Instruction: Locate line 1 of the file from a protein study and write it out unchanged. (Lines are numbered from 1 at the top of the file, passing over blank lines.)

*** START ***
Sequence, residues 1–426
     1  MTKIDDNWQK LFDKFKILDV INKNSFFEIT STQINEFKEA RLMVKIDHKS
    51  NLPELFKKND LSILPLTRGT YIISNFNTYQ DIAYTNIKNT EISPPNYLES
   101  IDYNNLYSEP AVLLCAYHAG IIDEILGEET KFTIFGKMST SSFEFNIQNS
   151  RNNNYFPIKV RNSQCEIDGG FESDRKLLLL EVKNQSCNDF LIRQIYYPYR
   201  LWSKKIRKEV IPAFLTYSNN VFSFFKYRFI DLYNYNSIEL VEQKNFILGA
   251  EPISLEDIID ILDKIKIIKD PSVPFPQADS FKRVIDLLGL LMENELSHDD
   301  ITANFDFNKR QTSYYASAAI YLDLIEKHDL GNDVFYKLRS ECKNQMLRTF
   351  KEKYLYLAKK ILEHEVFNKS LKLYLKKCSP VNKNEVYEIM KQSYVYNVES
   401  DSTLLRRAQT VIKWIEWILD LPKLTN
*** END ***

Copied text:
Sequence, residues 1–426